Using Twitter hashtags to promote your event will help raise awareness in advance, encourage attendance, enable those who are there to track the event and those who aren't able to attend to follow along.
These screenshots show the way that the New England Museum Association (NEMA) promoted and used a hashtag for their 2013 conference. As you can see, they included it in their conference program (top), as well as other communications. Attendees included it in their tweets; a search on #nema2013 on Twitter returns all of the tweets that included that hashtag.
The last screenshot shows the hashtag on the event page on The History List. We've added a box to the "Add event" form where you simply type it in. (We didn't have this in-place before the 2013 NEMA conference, but created a mock up for this example.)
- Create a hashtag—Because anyone can create a hashtag, you have a better chance of activity focusing on one hashtag if you get out in front and establish one early on. Check the hashtag you're thinking about using to see if someone else has used it recently. Ideally, your event hashtag should be unique. It should also be short since every character counts against your maximum message length of 140 characters.
- Include it in your site, e-mail messages about the event, press release announcing it, conference program, and tweets about the event.
- Include it on your event page on The History List.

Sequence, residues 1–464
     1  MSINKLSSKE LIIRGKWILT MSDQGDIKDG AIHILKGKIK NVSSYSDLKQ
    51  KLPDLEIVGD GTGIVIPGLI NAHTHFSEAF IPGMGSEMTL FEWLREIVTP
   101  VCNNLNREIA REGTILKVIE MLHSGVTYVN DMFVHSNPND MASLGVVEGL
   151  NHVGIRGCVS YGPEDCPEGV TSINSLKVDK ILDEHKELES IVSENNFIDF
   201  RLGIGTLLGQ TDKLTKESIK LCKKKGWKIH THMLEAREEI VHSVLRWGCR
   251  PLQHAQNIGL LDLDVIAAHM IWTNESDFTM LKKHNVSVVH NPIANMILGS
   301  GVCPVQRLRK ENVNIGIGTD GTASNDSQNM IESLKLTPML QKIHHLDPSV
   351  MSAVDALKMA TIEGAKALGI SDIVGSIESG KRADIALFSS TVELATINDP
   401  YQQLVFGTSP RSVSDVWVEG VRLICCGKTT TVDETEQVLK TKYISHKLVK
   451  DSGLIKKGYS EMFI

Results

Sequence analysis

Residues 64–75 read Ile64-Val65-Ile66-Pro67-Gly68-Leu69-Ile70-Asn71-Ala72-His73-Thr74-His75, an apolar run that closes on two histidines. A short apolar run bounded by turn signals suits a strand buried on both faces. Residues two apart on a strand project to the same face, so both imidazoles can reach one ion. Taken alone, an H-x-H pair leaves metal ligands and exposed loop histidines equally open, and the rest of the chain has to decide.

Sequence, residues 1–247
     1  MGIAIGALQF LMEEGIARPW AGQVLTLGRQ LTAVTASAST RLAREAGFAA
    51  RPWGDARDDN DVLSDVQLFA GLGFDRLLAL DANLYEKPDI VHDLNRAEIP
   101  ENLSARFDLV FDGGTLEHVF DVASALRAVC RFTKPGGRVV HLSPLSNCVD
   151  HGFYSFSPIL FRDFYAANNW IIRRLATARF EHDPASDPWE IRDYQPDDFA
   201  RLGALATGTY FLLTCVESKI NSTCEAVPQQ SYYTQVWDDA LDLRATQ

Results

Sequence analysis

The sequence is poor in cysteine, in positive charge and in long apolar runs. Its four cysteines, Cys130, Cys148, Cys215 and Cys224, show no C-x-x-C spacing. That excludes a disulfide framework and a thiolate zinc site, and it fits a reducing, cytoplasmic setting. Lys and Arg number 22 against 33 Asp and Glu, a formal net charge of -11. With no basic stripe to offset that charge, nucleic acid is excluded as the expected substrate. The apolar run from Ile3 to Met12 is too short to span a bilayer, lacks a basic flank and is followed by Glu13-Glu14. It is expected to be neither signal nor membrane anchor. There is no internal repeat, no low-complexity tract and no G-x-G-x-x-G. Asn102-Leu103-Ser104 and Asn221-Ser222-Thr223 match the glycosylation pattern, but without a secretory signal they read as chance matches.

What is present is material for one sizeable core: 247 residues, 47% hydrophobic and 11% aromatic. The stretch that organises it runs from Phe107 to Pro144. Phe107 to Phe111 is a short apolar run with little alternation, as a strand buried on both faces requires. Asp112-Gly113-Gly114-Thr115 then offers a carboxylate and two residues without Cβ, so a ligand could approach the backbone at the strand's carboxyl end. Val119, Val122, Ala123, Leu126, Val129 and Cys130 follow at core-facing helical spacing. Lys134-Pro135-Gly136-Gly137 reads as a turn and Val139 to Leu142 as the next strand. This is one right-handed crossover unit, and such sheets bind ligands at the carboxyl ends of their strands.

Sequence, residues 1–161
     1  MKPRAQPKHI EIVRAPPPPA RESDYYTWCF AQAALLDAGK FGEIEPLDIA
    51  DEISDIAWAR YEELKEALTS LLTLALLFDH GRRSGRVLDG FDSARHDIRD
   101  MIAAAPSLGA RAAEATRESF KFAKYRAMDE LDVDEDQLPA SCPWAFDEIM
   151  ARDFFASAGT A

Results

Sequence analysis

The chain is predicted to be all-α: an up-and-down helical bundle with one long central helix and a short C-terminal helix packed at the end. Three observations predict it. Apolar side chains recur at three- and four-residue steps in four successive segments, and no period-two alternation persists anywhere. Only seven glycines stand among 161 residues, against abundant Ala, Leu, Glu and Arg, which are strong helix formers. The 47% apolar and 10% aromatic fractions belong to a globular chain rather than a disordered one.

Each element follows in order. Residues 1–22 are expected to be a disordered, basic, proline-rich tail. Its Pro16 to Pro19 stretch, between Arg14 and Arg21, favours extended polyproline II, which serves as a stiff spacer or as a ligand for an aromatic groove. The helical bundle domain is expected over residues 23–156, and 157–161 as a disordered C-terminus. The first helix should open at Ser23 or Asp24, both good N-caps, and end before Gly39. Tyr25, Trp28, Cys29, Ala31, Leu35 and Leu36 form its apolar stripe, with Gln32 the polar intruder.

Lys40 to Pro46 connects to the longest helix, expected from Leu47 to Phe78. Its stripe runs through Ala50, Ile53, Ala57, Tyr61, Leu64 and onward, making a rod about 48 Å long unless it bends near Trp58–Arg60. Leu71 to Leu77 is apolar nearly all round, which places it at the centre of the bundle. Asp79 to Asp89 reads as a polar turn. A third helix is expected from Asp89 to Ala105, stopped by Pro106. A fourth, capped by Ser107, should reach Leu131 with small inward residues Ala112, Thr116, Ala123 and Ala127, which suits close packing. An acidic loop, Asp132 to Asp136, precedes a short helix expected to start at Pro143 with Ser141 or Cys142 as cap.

- Encourage your speakers and attendees to include it in their tweets.
- Include it on your signage at the event.
- Post it in the session rooms and encourage your speakers to announce it as a reminder.
Here's one attendee's reaction to using Twitter and a conference hashtag extensively:
This was the first conference I have devoted any real time to Twitter. The #nema2013 hashtag was lively without being overwhelmingly busy. I am sure that tweeting can be a distraction for some, but for me it’s no more distracting than taking notes (in which I sometimes go on tangents in the margins about something at school or work related to the presentation topic). I was using Twitter to connect with colleagues, but I was surprised to find that tweeting about sessions can be a very useful thought exercise. In coming up with concise restatements of a session’s biggest takeaways as it was going on, I was synthesizing and sorting information on a level and speed I rarely do. #youlearnsomethingneweveryday
— From a post by Phillippa Pitts on the Tufts University Museum Studies blog
A final note: These professional conferences and meetings now also appear on a dedicated Conferences page. More about that in the next Resources post.